Written by: Julia Hardy
Because Japan had no written language prior to the arrival of Buddhism, and because the earliest written texts served an overt political agenda, it is difficult to know what pre-Buddhist ideas of sacred time might have been in Japan. Ideas of the kami, the sacred spirits of nature, undoubtedly preceded Shinto, but any pre-existing concept of sacred time was overwritten when these texts were recorded. Still, there are elements within these recorded myths that are clearly related to the concept of renewal within nature.
Native Chinese ideas of the cycles of nature were adopted in Japan along with Buddhism, and, as in China, the notion of Buddha-nature within all things was basic to Japanese Zen. One of the most profound expressions of sacred time in Japanese Zen comes from Soto Zen founder Dogen. Instead of stating that everything has Buddha-nature, Dogen said that everything is Buddha-nature.
Dogen also said that everything is time. The Buddha is time; water is time; a kitten, a blade of grass, and a pebble are time. He called this "being-time." Each moment is the universe; each moment contains all the potentiality of all of existence. Moments are impermanent, however; they are not static, like frozen snapshots. Events are actions; they flow, but they do not proceed from one another in a linear sense. Past flows into future, but equally, the future flows into the past.
Likewise, cause and effect are not related in a linear sense. Each event contains within it both cause and effect. Each moment is a complete whole, a single dynamic activity that is unique and sufficient unto itself, but at the same time is interconnected with every other moment. According to Dogen the realization of this interconnectedness leads to the recognition that all things are rooted in cosmic compassion, which is the ground of being. The realization of this cosmic compassion emerges from the practice of Zen meditation, a rigorous activity that harmonizes all the elements of one's being.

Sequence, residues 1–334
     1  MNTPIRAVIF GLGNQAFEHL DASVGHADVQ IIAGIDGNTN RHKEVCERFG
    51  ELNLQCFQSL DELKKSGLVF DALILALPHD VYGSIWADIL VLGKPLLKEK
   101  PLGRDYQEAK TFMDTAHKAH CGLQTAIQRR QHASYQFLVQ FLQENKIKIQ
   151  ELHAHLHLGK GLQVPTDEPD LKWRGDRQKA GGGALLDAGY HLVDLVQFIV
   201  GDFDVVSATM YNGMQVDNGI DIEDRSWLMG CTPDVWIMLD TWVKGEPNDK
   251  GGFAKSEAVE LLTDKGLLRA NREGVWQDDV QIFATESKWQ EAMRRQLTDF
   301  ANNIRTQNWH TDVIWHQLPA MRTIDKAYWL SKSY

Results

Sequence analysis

The notion of sacred time that derives from this kind of thinking is not a transcendent time. It is very different from the nirvana-samsara concept, in that there is nothing to escape, no "other" time to aim toward. It is a perception, or realization, of the sacred nature of ordinary time. Finally, it is important to note that there is a sense of sacred time associated with rituals and festivals at temples; as is the case in many religious traditions, such times are set apart, marked as significant, and thus have a sense of sacrality attached to them.
1. How was sacred time viewed before Buddhism? In Taoism?
2. How does nature exemplify sacred time?
3. Should sacred time be described as linear, or cyclical? Why?
4. Describe the relationship between sacred time and transcendence.